What is your current role/job title?
Deputy Weather Editor, The Washington Post.
What are you working on now?
Between climate change, extreme weather events, COVID-19, and more, I've been more of a crisis reporter and editor lately. But more generally, I focus mostly on covering weather in the context of climate change, reporting on the government agencies involved in weather and climate research, and preparing for what looks to be an unusually busy hurricane season.
What drew you to your field?
I've always been fascinated by weather—since I was a little kid—and later became interested in politics and journalism. Through my undergraduate classes at Tufts, I realized that climate change offered a way to unite all of my interests, and I set out to be a journalist focused on climate science and politics.
What lessons from graduate school have you found useful in your professional life?
Columbia’s Climate and Society program gives students such a solid foundation in understanding both human-caused climate change and natural variability, and has made me a better reporter, since I was taught to be both curious and upfront about what I don't know. There's uncertainty in science, but that often collides with the demands of headline writing, so it's a constant struggle to find the right balance. I also learned how to read scientific papers like a scientist and as a journalist; before the program, I could do only the latter.
What skill has unexpectedly helped you in your career?
I'm not sure this is a skill, but I left the program with such a deep infatuation with El Niño, and every other ocean-atmosphere cycle that affects hundreds of millions around the world. Through my work-study program at Columbia, I also learned about the psychology of climate change and how we perceive short-term and long-term risks. That has helped shape my approach to storytelling more than anything else, I think.
What is your favorite memory from your graduate years?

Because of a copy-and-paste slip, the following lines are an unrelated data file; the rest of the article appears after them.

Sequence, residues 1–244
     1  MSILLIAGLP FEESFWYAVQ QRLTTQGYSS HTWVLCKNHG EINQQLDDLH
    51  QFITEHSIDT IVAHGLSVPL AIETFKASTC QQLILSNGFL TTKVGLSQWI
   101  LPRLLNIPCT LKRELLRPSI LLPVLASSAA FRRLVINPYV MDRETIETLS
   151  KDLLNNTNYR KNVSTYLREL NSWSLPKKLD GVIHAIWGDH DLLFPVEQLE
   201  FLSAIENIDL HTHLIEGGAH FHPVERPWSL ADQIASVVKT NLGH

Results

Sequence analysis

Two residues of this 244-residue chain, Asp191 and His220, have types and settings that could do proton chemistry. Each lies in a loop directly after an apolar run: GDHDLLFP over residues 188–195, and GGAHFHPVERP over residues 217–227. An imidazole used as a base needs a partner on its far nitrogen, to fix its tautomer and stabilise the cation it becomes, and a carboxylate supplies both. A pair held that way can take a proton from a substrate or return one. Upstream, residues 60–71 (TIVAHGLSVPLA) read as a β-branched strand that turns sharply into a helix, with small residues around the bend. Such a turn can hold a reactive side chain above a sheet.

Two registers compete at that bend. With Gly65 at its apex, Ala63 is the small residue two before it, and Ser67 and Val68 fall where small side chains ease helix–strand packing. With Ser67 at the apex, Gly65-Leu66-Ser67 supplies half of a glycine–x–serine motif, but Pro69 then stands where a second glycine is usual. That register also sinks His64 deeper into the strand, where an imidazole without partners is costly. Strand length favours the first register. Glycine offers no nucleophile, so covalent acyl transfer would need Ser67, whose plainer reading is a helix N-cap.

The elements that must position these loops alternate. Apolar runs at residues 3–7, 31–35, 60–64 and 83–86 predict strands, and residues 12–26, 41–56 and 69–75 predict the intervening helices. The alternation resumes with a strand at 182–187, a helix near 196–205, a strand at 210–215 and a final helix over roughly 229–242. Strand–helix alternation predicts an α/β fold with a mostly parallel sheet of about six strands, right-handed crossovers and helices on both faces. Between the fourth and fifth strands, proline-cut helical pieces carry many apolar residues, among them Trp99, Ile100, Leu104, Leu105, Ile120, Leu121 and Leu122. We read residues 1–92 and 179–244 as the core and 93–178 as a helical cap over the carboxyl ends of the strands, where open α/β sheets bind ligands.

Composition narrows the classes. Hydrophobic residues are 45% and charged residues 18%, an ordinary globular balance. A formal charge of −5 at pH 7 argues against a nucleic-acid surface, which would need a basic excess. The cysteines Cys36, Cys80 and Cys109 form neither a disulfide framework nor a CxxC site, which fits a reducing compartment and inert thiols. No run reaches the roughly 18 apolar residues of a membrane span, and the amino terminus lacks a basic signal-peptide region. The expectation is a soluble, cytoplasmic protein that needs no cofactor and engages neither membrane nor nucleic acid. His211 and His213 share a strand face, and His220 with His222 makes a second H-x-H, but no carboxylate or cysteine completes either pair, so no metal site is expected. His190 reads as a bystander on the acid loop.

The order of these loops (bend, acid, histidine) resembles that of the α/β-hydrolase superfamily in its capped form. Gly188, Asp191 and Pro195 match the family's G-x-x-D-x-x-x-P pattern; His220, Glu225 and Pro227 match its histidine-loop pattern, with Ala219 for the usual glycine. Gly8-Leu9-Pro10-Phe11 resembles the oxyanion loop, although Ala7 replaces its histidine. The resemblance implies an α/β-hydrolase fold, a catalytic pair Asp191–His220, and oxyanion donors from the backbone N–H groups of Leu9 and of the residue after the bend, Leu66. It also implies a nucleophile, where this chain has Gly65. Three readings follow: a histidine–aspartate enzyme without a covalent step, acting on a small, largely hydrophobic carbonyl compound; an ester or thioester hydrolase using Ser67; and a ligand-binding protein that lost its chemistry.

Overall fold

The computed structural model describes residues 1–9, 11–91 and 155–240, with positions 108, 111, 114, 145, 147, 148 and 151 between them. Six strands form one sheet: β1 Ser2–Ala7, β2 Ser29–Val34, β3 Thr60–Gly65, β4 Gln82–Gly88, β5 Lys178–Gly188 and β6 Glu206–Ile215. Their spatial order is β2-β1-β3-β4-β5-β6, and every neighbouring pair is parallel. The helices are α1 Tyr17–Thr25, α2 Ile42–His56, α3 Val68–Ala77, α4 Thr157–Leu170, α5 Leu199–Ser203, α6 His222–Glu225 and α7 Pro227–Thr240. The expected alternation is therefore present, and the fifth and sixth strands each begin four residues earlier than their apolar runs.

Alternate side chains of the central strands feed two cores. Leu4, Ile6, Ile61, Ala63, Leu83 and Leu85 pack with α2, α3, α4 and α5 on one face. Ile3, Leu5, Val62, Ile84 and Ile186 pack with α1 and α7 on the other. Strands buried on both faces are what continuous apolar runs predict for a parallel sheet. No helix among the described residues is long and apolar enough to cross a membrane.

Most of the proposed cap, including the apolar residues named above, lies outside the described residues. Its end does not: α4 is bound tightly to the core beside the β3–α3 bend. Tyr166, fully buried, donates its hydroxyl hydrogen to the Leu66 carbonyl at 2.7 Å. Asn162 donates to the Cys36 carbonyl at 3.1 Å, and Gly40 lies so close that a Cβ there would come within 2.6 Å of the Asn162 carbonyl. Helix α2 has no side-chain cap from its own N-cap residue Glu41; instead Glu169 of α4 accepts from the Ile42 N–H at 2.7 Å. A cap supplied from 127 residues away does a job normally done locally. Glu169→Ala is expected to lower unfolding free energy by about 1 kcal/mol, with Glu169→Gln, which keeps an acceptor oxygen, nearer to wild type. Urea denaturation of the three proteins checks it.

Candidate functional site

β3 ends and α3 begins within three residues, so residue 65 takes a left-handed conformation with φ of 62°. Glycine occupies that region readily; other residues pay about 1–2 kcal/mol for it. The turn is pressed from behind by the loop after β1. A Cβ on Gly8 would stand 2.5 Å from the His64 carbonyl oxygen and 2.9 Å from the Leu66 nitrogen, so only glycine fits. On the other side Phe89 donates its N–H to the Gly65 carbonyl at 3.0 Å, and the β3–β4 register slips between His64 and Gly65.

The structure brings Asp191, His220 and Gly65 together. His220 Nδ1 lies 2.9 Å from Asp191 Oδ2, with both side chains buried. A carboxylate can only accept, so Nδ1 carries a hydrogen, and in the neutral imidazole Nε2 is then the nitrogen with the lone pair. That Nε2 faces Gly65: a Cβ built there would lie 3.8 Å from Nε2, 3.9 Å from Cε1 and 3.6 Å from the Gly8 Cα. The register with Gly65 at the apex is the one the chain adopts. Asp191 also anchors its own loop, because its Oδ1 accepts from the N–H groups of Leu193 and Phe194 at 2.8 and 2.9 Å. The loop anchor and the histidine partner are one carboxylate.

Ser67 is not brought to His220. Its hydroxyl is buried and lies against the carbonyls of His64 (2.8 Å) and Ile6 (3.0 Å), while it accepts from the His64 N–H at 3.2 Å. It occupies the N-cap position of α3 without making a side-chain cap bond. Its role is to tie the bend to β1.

Going to a party where someone had ordered an El Niño–themed cake, which had a decorative map of sea surface temperature anomalies on it. Also, all the trips to the Lamont-Doherty Earth Observatory, where I got to know many great scientists who are now sources for stories.
What are your passions outside of your work?
I've been an improvisational comedy performer and teacher for more than a decade, and spent two years in Chicago focused solely on improv and sketch comedy. Post-COVID—depending on how that looks—I look forward to returning to the now-bustling improv scene in Washington, D.C.
What is your advice for current GSAS students?
Invest in your relationships with fellow students, as they will become your professional network for years to come. Also, don't be too hard on yourself for not yet figuring out your exact career path after graduate school. It will become clearer as time goes on.
What is next for you professionally?
In journalism, you're only as good as your next story, so I am planning out short- and long-term reporting projects. I'm also doing what I tried to do in grad school: to find people who are smarter than I, and collaborate with them. That's harder with the transition to a virtual newsroom, but it's still possible.
What motivates you to give to Columbia?
Without Columbia, I don't think I'd be the climate reporter that I am today. I needed a foundation in science while also staying connected to policymaking and politics in order to be prepared for my eventual career.